A ballad in the key of 4GRoundup
tags: Holocaust, Jewish history, personal
Edwin Black is the award-winning, New York Times bestselling investigative author of the international bestseller IBM and the Holocaust and many other books. His 140 award-winning editions are published in 17 languages in 65 countries.
This is deeply personal. But what I have experienced should resonate with the entire Jewish community—the one we know and the one to come. In the whirlwind that seizes me and all who are communally aware, I have reached a new and stunning personal location, wedged between the searing past and the uncertain future.
My story begins before I was born, when my grandmother Fanya seized her slender teen-aged daughter—my mother-to-be— Edyka, and pushed her out of the small vent at the top of a suffocating boxcar rumbling inexorably from Bialystok, Poland toward the Treblinka deathcamp. Together, they made the split-second decision that at least one person should escape. My mother became a “jumper.” That day, she jumped into a hostile and dangerous Polish forest, was shot by local forces, and then buried in a hastily-arranged mass grave in the snow. Buried, yet one nearly lifeless limb protruded.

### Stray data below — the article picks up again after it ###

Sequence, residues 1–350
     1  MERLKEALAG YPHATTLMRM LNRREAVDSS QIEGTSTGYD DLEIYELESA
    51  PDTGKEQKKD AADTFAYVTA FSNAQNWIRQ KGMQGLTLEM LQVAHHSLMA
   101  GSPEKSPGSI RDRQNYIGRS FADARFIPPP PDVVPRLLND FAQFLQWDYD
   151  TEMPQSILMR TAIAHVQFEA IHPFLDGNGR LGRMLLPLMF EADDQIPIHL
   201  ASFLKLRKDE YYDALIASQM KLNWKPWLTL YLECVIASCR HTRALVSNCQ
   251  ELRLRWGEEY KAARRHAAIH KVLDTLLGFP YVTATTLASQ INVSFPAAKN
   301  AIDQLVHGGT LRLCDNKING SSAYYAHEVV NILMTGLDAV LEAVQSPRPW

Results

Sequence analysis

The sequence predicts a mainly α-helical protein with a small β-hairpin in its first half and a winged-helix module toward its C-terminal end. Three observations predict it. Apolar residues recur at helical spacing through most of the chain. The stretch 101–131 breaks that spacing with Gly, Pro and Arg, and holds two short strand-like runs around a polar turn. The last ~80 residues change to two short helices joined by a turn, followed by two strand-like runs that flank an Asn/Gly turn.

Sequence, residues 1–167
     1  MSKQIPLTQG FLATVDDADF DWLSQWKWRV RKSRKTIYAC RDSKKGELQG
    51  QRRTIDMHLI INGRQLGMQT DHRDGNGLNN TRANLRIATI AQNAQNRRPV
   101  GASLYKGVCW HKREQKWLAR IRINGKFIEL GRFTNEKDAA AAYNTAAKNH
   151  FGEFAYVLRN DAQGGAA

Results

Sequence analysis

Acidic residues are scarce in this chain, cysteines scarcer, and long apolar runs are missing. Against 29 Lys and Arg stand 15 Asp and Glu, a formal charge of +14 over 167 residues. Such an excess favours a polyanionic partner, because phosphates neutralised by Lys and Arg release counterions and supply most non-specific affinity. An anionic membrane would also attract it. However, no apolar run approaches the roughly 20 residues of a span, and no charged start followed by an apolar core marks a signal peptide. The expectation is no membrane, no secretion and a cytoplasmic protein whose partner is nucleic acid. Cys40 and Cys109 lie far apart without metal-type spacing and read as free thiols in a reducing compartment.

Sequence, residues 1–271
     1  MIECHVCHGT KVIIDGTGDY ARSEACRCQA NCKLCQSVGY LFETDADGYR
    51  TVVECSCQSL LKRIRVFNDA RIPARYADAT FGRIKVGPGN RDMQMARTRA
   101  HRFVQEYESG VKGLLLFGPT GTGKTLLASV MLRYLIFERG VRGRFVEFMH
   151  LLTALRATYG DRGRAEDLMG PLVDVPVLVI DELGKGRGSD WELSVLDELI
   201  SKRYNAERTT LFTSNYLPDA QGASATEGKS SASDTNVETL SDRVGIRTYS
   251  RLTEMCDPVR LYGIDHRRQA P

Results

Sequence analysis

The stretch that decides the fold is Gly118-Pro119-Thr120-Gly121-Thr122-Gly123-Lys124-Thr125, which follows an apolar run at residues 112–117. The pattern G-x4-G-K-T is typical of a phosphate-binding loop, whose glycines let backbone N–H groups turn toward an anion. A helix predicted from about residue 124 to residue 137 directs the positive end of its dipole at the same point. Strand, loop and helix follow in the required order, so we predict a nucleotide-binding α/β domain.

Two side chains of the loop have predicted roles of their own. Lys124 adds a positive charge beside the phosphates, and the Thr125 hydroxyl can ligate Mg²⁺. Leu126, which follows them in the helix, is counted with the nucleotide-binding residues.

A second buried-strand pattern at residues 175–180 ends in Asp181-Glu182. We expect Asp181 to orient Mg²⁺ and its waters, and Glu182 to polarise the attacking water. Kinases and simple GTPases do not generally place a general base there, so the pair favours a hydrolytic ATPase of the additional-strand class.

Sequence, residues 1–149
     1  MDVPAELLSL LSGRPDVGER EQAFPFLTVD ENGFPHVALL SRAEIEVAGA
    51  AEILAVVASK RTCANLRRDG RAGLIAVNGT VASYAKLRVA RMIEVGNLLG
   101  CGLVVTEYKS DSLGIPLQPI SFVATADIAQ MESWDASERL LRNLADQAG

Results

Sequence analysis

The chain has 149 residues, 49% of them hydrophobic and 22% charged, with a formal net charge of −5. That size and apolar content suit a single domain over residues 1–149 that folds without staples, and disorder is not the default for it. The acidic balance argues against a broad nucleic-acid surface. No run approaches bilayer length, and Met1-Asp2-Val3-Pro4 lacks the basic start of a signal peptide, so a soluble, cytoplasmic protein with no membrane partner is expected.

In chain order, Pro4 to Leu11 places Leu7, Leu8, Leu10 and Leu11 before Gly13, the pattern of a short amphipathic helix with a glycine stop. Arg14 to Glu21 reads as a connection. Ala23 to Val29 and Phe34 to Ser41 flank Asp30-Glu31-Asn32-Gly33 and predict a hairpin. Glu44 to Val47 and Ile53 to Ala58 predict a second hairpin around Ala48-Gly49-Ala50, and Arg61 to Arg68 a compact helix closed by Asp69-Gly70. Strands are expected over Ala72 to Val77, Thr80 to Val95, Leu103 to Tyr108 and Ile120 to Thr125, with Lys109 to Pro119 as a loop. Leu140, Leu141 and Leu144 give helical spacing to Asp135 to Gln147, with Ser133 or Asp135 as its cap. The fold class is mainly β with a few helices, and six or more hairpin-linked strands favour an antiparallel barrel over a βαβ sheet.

Teen-aged Herschel, an audacious forest fighter, came upon the area. Spying Edyka’s leg moving. He pulled her out of the pile. For two years, under cloak of night and by raw courage, they lived in the woods as brave partisans. They survived. After the war, believing millions of Jews had been killed, they decided to continue living as Jews, precisely because so many tried to kill our people. After two years in a displaced persons camp, they found their US home in Chicago. Their courage and determination allowed me to be born.
Growing up, I eagerly inhaled my Jewish heritage and love of Israel. With imbued purpose, I devoted my life to unmasking and addressing the hidden players and hidden hands behind the darkest evils and injustices. I adopted the identity of a Second Generation author long before the larger Second Generation movement developed its own national identity.
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